I Surrender

Dear Readers:

Most of my readers and followers are not chronic pain patients. And of the two chronic pain blogs that I read without fail, one blogger hardly ever visits my home on the internet, and the other has a habit of posting articles that I’ve posted, only days or weeks later. It’s obvious to me that very few people are interested in what I have to say about chronic pain.

I’ve come to believe that pain patients have already lost our drug war, so I have to wonder what I’m fighting for. (Hey, that rhymes.) From this point forward, my blog will be less about chronic pain and the drug war, and more about… well, I haven’t figured that out yet. Let’s just wait and see, shall we?

Please feel free to give me ideas or preferences of what ya’ll would like to see on my blog. If not, well, I’ll just assume you agree with me.

Enjoy your weekend. πŸ™‚

25 thoughts on “I Surrender

  1. I hate to know your voice is being lost because the battle looks bleak. Keep in mind the change in attitudes that have occurred regarding drugs between the 80’s and now. There has been a slight pendulum swing back the other way, as often happens, but the backlashes are never as mighty as the progress.

    Liked by 1 person

    • My voice isn’t being lost — there’s plenty of information already here on my blog, for anyone who’s interested. I don’t know what it would take to make progress in the war against pain patients, but I’ve experienced enough in 30 years to know that it will take decades to begin reversing the enormous size of the current backlash.

      Liked by 1 person

  2. I think your photography is incredible and the captions that go with them – put more poetry up with the photos too, I’ve really enjoyed those when you’ve done them. Although I’m a chronic pain patient I never click on any of the links and and a lot of what you post is related to medical marijuana which isn’t going to happen here in the UK, there’s absolutely no mention of it so it’s rare I read about it. I hope you’ve managed to find a bud connection…x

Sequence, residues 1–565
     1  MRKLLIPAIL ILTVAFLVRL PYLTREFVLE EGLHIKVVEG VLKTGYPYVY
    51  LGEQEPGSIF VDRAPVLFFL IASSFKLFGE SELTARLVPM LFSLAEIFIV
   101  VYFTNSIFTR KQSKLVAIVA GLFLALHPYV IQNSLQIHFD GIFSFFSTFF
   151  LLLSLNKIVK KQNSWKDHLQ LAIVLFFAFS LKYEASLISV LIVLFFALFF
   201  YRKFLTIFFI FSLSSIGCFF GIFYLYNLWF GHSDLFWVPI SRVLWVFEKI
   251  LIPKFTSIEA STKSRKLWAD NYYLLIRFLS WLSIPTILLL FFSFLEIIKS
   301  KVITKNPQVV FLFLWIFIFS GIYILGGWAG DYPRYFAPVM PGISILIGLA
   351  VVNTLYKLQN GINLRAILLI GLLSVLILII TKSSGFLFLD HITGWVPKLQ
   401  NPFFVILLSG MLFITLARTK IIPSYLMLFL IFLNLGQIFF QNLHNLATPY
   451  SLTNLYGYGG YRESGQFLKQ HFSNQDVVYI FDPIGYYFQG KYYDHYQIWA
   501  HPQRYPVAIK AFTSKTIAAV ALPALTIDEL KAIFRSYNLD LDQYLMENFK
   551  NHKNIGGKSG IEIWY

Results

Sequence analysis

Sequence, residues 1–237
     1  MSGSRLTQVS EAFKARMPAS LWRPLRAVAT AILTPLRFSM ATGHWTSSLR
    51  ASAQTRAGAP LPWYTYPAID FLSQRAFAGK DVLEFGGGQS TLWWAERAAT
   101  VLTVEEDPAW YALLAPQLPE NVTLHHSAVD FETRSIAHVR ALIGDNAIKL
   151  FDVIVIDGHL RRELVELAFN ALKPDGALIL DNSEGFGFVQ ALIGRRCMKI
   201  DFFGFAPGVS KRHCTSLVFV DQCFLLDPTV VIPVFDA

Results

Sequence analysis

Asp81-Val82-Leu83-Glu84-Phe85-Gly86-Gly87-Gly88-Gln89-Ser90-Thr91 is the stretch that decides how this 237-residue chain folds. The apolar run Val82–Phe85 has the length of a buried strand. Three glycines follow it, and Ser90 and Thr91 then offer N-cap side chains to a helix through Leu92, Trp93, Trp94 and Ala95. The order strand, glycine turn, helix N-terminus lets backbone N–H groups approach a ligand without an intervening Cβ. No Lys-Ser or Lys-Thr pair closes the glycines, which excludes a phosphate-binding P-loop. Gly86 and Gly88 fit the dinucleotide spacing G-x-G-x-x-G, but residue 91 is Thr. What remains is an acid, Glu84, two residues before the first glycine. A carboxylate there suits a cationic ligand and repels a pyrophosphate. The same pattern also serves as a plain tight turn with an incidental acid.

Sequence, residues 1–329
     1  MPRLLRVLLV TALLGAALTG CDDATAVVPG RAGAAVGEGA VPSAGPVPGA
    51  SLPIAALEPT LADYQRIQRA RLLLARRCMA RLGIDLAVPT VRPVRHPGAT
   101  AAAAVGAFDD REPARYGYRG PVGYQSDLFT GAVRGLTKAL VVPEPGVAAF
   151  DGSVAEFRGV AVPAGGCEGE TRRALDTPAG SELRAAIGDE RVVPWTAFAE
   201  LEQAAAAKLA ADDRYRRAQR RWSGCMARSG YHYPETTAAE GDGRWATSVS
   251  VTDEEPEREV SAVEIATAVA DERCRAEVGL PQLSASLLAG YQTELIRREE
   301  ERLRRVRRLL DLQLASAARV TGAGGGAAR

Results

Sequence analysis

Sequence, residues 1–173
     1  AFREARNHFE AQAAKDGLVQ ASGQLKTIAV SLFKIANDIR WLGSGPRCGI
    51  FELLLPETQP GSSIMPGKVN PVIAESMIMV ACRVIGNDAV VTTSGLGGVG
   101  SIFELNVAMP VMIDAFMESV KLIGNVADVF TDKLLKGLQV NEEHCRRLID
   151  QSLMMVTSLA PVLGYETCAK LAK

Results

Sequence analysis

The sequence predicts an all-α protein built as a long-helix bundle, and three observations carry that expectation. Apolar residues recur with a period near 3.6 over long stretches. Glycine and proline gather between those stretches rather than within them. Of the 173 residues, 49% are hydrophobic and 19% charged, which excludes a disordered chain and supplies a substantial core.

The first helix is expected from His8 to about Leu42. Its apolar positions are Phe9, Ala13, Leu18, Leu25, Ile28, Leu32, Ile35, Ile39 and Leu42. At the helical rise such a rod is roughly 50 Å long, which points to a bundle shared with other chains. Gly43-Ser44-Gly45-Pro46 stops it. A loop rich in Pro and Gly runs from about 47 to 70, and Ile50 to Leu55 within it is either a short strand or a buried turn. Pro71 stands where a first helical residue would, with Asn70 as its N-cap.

Liked by 1 person

    • Being artistic doesn’t come easily to me, and since I haven’t had a reliable connection in awhile, rhyming words is next to impossible. And it looks like it’s going to be quite awhile before I find another connection. But I am looking forward to Balloon Week. Thanks for the compliments, dude. πŸ™‚

      Liked by 1 person

        • I don’t expect anyone to read all of my posts, but I mentioned Balloon Week in a recent post, Balloon Chasers. Dude, I think you just proved my point. πŸ™‚

          Like

        • Absolutely no point proved whatsoever because not everyone blogs every day & as I’ve said in one of my previous posts, I shut myself away from the outside world by not going online sometimes for weeks. I fear I’m explaining myself over something very petty. Enjoy your Balloon Chasers…

          Liked by 2 people

  3. I’ll pop in and out regardless of the topic. Anything catches my attention, but not everything shows up in my reader! (I follow enough people to know that a 10-hour period with crickets is attributable to technical error, not lack of reading material.)

    Liked by 2 people

  4. I don’t think you should stop blogging about what you feel is important. I know you like blogging about the drug war and chronic pain. I think you should keep doing it. Your photos are good too. I think you should maybe include more things that are going on in Albuquerque because that’s a part of your life. Whatever you decide to do, I’ll continue to follow along πŸ™‚

    Liked by 2 people

  5. I would hate to see you stop talking about chronic pain and the drug war. I am sure there are some good chronic pain blogs out there but the only two that I read regularly are yours and Zyp’s. I like the critical thinking you bring to the issues, exposing the absurdities of the system we are governed by in a way that is logical, sensitive and often humorous. Satire is a powerful tool in contesting absurdity. I also like that you talk about life in general and again, there’s the sensitivity you show towards subjects as mundane as bugs.